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Anti-argonaute 2 (Ago2/Su) and –Ro antibodies are the common autoantibody specificities in primary anti-phospholipid syndrome (PAPS)
  1. A Ceribelli,
  2. I Cavazzana,
  3. F Franceschini,
  4. A Tincani,
  5. B A Pauley,
  6. J Y F Chan,
  7. E K L Chan,
  8. M Satoh
  1. Rheumatology Unit and Chair, Università degli Studi, Spedali Civili, Brescia, Italy

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Primary antiphospholipid syndrome (PAPS) is defined as patients with anti-phospholipid antibodies and thrombotic or obstetric symptoms, without systemic lupus erythematous (SLE) or other systemic rheumatic diseases. PAPS patients can have incomplete SLE-like features and some can evolve into SLE during follow-up. However, few studies systematically examined lupus autoantibodies and their clinical significance in PAPS. The aim of our study is to characterise lupus autoantibodies in PAPS to analyse their clinical and laboratory correlations and their predictive role for the evolution of PAPS into SLE.


Sera from 52 PAPS patients were screened by indirect immunofluorescence (IIF) antinuclear antibodies (ANA), immunoprecipitation (IP) of 35S-labeled K562 cell extract and ELISA (anti-argonaute 2 (Ago2, Su), 60kRo, 52kRo, La, dsDNA)). Anti-Ago2/Su positive sera were also tested for anti-GW body (GWBs) by IIF double staining using rabbit anti-GWBs serum.


ANA were positive in 56% of PAPS patients. Anti-Ago2/Su antibodies were found in 13% (7/52) and anti-Ro/SSA in 10% (5/52) by IP. Interestingly, 79% (41/52) were negative by IP, thus anti-Ago2/Su and anti-Ro/SSA were the only identifiable specificities by IP in PAPS patients. No other lupus-related autoantibody was detected. Positive samples had a single specificity except one case that had both. No particular association with clinical features of anti-phospholipid syndrome was found, except that IgG anti-β2glycoproteinI (β2GPI) antibodies were less frequent in anti-Ago2/Su positive patients (p=0.02). Although 2/7 anti-Ago2/Su positive patients had malar rash, there was no significant association between the presence of anti-Ago2/Su or Ro/SSA and SLE-like features in PAPS. None of anti-Ago2/Su or –Ro positive patients developed SLE during follow-up. Although Ago2 is a key component of GWBs and IIF staining of Ago2 localises to GWBs, only 1/7 anti-Ago2/Su serum showed a typical cytoplasmic GWBs staining.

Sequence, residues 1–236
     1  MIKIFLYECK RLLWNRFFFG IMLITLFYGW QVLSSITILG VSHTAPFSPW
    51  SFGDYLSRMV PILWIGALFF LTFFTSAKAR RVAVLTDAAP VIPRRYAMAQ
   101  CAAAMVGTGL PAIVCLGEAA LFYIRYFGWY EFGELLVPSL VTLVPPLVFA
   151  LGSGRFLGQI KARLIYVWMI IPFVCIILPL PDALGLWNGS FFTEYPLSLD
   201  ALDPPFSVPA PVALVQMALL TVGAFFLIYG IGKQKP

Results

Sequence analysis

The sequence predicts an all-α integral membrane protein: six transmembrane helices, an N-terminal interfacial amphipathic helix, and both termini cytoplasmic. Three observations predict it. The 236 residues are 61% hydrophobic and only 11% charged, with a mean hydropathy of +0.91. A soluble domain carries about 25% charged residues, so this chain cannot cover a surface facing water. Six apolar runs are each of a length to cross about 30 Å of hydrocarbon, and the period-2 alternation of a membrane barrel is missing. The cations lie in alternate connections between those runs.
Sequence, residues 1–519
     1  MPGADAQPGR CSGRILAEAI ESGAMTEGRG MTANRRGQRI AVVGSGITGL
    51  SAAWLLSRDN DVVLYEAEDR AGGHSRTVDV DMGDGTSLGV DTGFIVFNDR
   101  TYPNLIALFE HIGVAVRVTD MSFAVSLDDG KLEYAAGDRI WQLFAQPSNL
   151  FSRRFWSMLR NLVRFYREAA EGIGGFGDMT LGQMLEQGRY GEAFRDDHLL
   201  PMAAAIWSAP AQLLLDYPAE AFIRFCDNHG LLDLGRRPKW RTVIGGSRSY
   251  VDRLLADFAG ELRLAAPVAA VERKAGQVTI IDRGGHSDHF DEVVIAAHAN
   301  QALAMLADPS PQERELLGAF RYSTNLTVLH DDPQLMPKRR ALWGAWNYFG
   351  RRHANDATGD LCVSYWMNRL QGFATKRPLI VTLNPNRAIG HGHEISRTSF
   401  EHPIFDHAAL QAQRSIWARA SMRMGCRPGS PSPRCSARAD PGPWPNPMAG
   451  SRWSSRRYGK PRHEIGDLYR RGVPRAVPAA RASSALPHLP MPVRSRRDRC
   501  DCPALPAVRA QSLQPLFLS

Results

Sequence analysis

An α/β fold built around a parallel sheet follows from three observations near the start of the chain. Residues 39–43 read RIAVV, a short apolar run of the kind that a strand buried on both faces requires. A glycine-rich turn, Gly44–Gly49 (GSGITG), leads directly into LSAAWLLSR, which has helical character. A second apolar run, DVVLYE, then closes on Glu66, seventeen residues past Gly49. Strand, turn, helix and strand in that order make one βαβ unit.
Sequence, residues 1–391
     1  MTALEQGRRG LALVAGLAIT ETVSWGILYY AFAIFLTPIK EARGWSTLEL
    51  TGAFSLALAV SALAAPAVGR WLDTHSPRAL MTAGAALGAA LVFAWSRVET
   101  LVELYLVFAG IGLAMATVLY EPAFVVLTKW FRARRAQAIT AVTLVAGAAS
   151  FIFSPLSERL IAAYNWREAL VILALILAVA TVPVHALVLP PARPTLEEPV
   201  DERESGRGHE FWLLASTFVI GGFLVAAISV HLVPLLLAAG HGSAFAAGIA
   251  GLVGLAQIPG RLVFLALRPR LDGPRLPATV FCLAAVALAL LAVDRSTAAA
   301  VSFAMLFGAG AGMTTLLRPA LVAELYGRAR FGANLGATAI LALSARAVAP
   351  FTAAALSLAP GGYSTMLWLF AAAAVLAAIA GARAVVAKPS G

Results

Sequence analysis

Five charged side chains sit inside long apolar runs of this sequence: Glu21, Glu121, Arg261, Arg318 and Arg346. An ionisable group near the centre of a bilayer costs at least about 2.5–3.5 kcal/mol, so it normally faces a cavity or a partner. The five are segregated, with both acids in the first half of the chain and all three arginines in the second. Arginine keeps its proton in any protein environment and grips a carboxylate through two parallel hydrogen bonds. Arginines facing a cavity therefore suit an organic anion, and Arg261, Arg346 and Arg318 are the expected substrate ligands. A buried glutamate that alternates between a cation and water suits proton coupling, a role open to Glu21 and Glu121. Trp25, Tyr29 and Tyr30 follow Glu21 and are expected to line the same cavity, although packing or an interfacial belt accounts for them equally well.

Anti-Ago2/Su (13%) and –Ro (10%) antibodies were found in sera from PAPS, but no other lupus-related autoantibodies were identified by IP. Ago2, a microRNA binding protein, is a key component in RNA silencing complex but the link with PAPS remains to be clarified. A recent report on specific interaction of Ro60 and β2GPI in apoptotic cells may be relevant to our finding. Clarifying why Ago2/Su and Ro are specific targets of autoimmune response in PAPS may help to understand the mechanisms of autoantibody production.

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